2. Materials and Methods

Plankton samples were collected inside the Acapulco Bay between September 2009, and April 2010 in five stations: 1) Club de Yates (16˚50'N, 99˚54'W); 2) Islote del Morro (16˚51'N, 99˚53'W); 3) Naval Base (16˚51'N, 99˚51'W); 4) Casa de Diaz Ordaz (16˚50'N, 99˚51'W); and 5) Centro de la Bahia (16˚49'N, 99˚53'W). In each station, plankton samples were taken by means of superficial trail, during five minutes using 150-µm mesh net. Water temperature, pH, and salinity were measured in situ with an YSI probe. Nutrient (nitrates, ammonium, and phosphates) concentrations, were determined in each sample following a standard colorimetric method (Hanna equip). Mean values of pluvial precipitation were obtained of meteorological station No. 768050, and data of Oceanic Niño Index (ONI) of the National Oceanic and Atmospheric Administration [18] . Plankton samples were fixed in 4% formaldehyde, and copepod quantification was done using a Leica microscope.

Copepod species were identified according to specialized literature [4] [8] [9] [17] [19] [20] . The Olmstead- Tukey association test [21] , was applied to classify the copepod species based on parameters of occurrence frequency, and mean abundance: (D) dominant (abundant and frequent), (C) common (low abundance but frequent), (O) occasional (abundant but low frequency), and (R) rare (low abundance and low frequency). A one- way ANOVA was applied to identify significant differences in abiotic parameters (temperature, dissolved oxygen, pH, and salinity), and nutrient concentrations. When significant deviations from normality were identified, parameters, and concentration data were log-transformed (log x + 1) to meet normality, and homoscedasticity requirements. Multivariate analysis (Principal Component Analysis, PCA) were used to determine associations between the environmental parameters, nutrient concentrations (predictor variables), and the abundance of four copepod orders: Calanoidea, Cyclopoidea, Harpacticoida, and Poecilostomatoida.

Community parameters included total number of species, relative abundance, the Shannon-Wiener (H) diversity index, species evenness (J), and the Berger-Parker Index (BPI) as a measure of numerical dominance [22] . The qualitative Bray-Curtis similarity index, was used to evaluate similarity or difference in species composition between months. The Student’s t-test was applied to identify differences between community parameters.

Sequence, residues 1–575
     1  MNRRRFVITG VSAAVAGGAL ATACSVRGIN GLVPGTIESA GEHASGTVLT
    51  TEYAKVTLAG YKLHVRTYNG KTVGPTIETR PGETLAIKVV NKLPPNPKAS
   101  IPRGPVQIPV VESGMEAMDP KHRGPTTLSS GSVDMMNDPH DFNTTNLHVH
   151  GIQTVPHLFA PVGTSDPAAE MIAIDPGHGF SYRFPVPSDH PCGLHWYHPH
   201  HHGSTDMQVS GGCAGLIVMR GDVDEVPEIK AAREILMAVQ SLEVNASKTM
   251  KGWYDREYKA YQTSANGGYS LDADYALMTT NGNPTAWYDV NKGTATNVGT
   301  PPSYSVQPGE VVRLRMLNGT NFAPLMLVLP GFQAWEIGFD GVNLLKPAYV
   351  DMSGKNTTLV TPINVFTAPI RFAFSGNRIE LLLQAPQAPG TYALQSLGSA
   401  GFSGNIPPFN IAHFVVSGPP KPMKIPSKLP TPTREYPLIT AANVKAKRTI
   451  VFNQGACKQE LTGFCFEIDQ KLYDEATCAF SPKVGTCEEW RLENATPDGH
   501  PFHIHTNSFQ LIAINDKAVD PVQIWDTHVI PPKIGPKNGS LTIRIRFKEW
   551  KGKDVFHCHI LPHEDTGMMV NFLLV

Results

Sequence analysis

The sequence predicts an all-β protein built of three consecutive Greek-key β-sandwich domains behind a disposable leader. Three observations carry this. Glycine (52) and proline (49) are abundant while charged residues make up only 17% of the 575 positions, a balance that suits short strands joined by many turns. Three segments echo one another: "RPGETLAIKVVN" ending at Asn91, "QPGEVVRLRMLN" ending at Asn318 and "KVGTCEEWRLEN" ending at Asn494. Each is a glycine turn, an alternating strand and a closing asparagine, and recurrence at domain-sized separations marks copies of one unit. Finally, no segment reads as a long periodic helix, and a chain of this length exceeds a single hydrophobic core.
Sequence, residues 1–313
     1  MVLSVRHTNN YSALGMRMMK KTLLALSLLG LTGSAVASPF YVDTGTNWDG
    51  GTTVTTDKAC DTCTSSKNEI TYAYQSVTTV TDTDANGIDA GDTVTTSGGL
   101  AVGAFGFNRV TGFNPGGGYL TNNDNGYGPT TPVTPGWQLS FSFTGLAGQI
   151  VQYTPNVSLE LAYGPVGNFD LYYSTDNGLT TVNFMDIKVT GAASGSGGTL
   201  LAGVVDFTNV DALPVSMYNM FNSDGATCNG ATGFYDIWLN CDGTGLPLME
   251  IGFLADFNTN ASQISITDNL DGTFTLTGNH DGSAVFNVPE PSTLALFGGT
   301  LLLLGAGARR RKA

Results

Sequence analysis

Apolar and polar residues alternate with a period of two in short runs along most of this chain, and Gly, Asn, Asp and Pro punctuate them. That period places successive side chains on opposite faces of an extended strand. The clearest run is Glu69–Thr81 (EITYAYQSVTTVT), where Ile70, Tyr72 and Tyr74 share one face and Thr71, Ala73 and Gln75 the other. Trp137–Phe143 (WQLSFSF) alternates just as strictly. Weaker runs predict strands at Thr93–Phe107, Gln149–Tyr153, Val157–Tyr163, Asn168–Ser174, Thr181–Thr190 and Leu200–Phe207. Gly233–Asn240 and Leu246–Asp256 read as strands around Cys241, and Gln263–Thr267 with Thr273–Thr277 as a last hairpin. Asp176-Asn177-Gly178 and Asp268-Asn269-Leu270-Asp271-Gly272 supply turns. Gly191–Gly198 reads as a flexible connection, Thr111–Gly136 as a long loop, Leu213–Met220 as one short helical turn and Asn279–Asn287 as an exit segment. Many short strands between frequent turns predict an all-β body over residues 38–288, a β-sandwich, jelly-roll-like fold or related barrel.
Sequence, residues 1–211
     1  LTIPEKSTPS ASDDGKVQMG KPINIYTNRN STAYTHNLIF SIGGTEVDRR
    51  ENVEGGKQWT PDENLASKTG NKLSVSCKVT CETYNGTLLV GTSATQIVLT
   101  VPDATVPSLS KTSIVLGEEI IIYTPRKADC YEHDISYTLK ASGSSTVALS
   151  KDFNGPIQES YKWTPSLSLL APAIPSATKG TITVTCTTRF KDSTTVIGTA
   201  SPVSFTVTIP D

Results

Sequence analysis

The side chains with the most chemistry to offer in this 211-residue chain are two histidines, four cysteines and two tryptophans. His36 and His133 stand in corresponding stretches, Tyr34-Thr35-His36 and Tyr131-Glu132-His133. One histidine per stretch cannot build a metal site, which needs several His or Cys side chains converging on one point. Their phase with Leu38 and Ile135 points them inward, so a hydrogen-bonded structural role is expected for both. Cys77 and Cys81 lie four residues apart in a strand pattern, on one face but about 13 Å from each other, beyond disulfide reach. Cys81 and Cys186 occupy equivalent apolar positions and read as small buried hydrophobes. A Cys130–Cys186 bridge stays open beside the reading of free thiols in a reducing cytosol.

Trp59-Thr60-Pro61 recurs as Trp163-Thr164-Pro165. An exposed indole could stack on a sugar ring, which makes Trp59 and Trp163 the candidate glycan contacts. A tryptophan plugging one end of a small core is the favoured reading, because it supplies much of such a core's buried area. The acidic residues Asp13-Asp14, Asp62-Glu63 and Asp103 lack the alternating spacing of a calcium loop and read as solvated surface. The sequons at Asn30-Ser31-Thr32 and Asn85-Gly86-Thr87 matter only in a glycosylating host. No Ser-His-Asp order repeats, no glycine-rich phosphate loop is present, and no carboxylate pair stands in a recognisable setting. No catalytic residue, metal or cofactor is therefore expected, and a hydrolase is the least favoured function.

3. Results

Mean temperature varied significantly during the sampling period from 24.9˚C ± 1.62˚C to 30.9˚C ± 0.44˚C (ANOVA, F = 208.5, P < 0.05) (Table 1), although not among stations (P > 0.05), for what monthly data were pooled in the later analyses. Salinity varied from 32.3 ± 0.48 to 35 ± 2.14 psu (ANOVA, F = 66.43, P < 0.05), while pH ranged from 7.78 ± 0.46 to 8.4 ± 0.23 (ANOVA, F = 17.14, P < 0.05). The concentrations of nitrate (), and ammonium () varied significantly (P < 0.05), while the phosphates (), did not register

Table 1. Monthly abiotic parameter values registered in Acapulco Bay, Mexico, between September 2009, and April 2010.

DO = Dissolved Oxygen, ONI = Oceanic Niño Index.

variation. Nitrate concentration was highest in January 2010, and phosphate in October 2009 (Table 1).

The predictor variables included in the PCA were temperature, pluvial precipitation, salinity, dissolved oxygen, nutrients, data of Oceanic Niño Index (ONI), and the abundance of 4 copepod orders as dependent variables. The best model allowed the extraction of 3 components, which explained 54.97% of the total variance, but only the first two were used (42.51%). The first component associated the salinity with the abundance of poecilostomatoid, and calanoid copepods (Figure 1), so that a decrease in this parameter during the rainy season (September-October), favored an increase in the occurrence of these two copepod groups (Figure 2). While in the second component, the temperature variation was associated with the abundance of cyclopoid, and harpacticoid copepods (Figure 1). The descent of the temperature registered during some months (January to March 2010), generated a higher abundance of these other copepod groups, in Acapulco Bay (Figure 3).